7. An automatic on-off control for a facsimile system of the type including a precision oscillator wherein the facsimile system produces a facsimile from information included in an input signal and wherein the input signal includes a start signal of a first frequency prior to the information and a stop signal of a second frequency subsequent to the information, includmg first means responsive to the output from the precision oscillator for producing a first frequency signal,

second means responsive to the output from the precision oscillator for producing a second frequency signal,

switch means coupled to the first and second means for producing as an output signal either the first or second frequency signal in accordance with the operation of the switch means,

third means coupled to the switch means and responsive to the output signal from the switch means for producing a reference signal having a frequency in accordance with the frequency of the output signal and with the frequencies of the reference signal corresponding to the frequencies of the start and stop signal in the input signal, and fourth means coupled to the switch means, the third means and the facsimile system and responsive to the start and stop signals and to the reference signal and with the first means producing a first output signal to start the facsimile system and. operate the switch means to produce as an output signal the second frequency signal when the fourth means receives the start signal and the reference signal corresponding to the start signal and with the fourth means producing a second output signal to stop the facsimile system and operate the switch means to produce as an output signal the first frequency signal when the fourth means receives the stop signal and the reference signal corresponding to the stop signal.

8. The automatic on-off control of claim 7 wherein the fourth means includes a digital filter.

9. The automatic on-off control of claim 7 wherein the fourth means includes a digital filter in combination with a bistable flip-flop.

10. The automatic on-off control of claim 7 wherein the fourth means includes a digital filter and wherein the third means produces a four-phase reference signal for application to the digital filter.

11. A facsimile system responsive to an external signal and with the external signal including a start signal of a first frequency, an information signal and a stop signal of a second frequency, including reference signal, second means responsive to the output from the first means and to the external signal for producing an output from the second means when the frequency of the output signal from the first means is correlated to the frequency of the external signal,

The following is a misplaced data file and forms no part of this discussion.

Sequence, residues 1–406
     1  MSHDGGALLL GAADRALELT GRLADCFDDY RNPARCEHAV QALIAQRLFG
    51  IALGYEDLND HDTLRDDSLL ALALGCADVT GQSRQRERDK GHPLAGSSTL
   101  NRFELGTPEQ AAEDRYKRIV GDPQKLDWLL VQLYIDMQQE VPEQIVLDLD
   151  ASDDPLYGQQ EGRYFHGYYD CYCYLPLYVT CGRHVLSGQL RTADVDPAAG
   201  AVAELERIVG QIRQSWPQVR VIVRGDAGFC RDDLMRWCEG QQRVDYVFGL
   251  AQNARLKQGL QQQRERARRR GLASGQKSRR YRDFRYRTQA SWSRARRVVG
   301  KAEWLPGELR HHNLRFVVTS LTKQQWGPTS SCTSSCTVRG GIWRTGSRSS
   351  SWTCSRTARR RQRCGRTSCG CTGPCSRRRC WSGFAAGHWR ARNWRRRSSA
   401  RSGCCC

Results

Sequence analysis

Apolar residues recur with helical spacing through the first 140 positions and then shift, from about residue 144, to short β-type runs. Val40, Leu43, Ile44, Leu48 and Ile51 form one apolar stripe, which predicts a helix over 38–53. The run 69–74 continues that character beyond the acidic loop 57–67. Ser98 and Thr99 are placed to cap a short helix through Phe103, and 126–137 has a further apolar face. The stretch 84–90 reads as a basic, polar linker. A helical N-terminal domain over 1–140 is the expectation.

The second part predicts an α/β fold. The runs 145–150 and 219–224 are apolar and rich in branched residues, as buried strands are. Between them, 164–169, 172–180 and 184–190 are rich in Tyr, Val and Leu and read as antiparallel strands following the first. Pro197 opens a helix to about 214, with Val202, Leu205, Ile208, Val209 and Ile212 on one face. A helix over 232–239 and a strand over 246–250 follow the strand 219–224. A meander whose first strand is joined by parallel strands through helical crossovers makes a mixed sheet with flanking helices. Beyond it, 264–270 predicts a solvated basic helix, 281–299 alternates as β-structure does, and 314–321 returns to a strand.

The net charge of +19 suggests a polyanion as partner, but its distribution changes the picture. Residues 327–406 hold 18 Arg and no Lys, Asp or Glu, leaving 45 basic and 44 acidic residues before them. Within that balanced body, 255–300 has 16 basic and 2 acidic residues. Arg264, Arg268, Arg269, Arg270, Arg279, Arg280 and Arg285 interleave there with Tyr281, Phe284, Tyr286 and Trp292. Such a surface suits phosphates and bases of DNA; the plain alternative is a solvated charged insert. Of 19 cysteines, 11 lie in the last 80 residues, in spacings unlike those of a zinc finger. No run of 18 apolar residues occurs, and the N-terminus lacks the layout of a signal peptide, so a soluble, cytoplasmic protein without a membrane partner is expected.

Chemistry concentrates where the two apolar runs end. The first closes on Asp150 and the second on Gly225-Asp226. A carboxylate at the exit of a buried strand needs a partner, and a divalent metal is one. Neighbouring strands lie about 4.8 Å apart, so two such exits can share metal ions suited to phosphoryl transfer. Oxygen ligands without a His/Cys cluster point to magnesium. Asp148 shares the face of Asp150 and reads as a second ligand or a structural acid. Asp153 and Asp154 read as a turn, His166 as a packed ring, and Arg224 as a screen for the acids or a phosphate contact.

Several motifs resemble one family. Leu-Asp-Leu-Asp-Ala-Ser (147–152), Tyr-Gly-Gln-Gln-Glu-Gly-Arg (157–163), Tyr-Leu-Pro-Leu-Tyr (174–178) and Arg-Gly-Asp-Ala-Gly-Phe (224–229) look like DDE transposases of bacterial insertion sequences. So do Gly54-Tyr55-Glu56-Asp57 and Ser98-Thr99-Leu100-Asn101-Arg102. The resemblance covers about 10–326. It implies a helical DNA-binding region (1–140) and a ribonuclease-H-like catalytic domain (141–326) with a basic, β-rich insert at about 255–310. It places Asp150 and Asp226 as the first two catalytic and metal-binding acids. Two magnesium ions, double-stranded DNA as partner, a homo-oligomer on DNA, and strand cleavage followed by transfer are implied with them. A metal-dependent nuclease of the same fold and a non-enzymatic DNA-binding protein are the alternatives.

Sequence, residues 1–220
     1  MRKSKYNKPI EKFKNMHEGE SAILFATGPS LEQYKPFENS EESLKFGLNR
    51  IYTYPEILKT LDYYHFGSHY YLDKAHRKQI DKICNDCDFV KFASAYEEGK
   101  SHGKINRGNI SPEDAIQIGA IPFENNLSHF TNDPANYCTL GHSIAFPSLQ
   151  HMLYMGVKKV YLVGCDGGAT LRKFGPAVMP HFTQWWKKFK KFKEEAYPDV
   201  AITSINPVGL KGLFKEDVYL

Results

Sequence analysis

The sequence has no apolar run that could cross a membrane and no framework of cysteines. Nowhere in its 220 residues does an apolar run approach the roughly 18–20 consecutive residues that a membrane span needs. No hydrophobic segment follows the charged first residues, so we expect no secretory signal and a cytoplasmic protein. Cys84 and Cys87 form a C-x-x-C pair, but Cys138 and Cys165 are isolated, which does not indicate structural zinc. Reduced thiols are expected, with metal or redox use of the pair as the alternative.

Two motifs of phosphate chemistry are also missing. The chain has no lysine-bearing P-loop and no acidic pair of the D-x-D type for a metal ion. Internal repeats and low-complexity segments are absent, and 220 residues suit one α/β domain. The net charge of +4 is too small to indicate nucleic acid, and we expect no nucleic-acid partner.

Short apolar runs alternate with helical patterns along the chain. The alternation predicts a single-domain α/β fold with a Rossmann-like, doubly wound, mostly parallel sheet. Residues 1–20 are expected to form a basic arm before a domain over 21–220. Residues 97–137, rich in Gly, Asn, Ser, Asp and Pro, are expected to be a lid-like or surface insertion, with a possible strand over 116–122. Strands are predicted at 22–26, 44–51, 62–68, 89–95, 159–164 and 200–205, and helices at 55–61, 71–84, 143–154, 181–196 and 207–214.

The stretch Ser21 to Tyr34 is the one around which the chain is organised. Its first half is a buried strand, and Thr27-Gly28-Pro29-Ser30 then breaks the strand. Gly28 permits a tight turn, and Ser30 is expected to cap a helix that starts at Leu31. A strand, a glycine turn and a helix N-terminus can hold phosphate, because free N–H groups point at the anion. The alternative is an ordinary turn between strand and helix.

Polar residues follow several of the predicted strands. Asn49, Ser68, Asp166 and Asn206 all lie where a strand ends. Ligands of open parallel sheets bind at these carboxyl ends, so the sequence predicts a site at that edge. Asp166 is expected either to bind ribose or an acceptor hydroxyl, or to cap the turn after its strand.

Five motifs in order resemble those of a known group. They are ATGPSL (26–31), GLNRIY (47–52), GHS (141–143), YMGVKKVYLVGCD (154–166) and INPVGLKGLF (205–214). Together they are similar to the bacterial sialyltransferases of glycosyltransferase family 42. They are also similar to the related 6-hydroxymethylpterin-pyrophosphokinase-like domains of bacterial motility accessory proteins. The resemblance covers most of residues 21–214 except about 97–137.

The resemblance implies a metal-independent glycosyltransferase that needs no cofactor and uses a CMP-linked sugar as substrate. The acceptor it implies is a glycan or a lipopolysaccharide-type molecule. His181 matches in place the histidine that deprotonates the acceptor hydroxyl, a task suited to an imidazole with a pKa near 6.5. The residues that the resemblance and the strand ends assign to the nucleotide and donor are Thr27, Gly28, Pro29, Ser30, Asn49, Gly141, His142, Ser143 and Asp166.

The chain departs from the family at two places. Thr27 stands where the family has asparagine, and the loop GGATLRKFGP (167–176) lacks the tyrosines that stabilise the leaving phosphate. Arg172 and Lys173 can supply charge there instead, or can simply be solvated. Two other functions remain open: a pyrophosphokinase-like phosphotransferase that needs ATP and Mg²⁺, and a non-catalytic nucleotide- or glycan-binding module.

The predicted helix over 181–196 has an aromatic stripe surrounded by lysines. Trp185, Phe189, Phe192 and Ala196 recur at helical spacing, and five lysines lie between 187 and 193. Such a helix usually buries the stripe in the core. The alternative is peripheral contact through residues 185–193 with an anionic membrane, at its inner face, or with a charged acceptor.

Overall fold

third means having first and second states and responsive to the output from the second means for switching the third means between the first and second states upon receiving the output from the second means and with the third means in the first state controlling the facsimile system to be started and to produce a facsimile from the information signal and to control the switching means in the first means to provide as the output from the first means the second reference signal having the frequency corresponding to the stop signal and with the third means in the second state controlling the facsimile system to be stopped and to control the switching means in the first means to provide as the output from the first means the first frequency signal being the frequency corresponding to the start signal.

12. The facsimile system of claim 11 wherein the second means includes a digital filter.

13. The facsimile system of claim 11 wherein the facsimile system includes a precision oscillator for use in regulating the operation of the facsimile system and wherein the first means is responsive to the output from the precision oscillator to produce the first and second reference signals.

Patent Citations
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Referenced by
Citing PatentFiling datePublication dateApplicantTitle
US4090135 *Jun 29, 1976May 16, 1978The United States Of America As Represented By The Secretary Of The InteriorWireless FSK technique for telemetering underground data to the surface
US4280145 *Sep 15, 1977Jul 21, 1981Minnesota Mining And Manufacturing CompanyNon-linear, multi-speed, bi-directional facsimile subscan drive control
US4295167 *Oct 12, 1979Oct 13, 1981Xerox CorporationCarriage speed control for a raster scanner
Classifications
U.S. Classification358/413, 346/139.00C, 358/494, 346/139.00A, 327/12
International ClassificationH04N1/327, H03H19/00
Cooperative ClassificationH03H19/002, H04N1/327
European ClassificationH03H19/00A, H04N1/327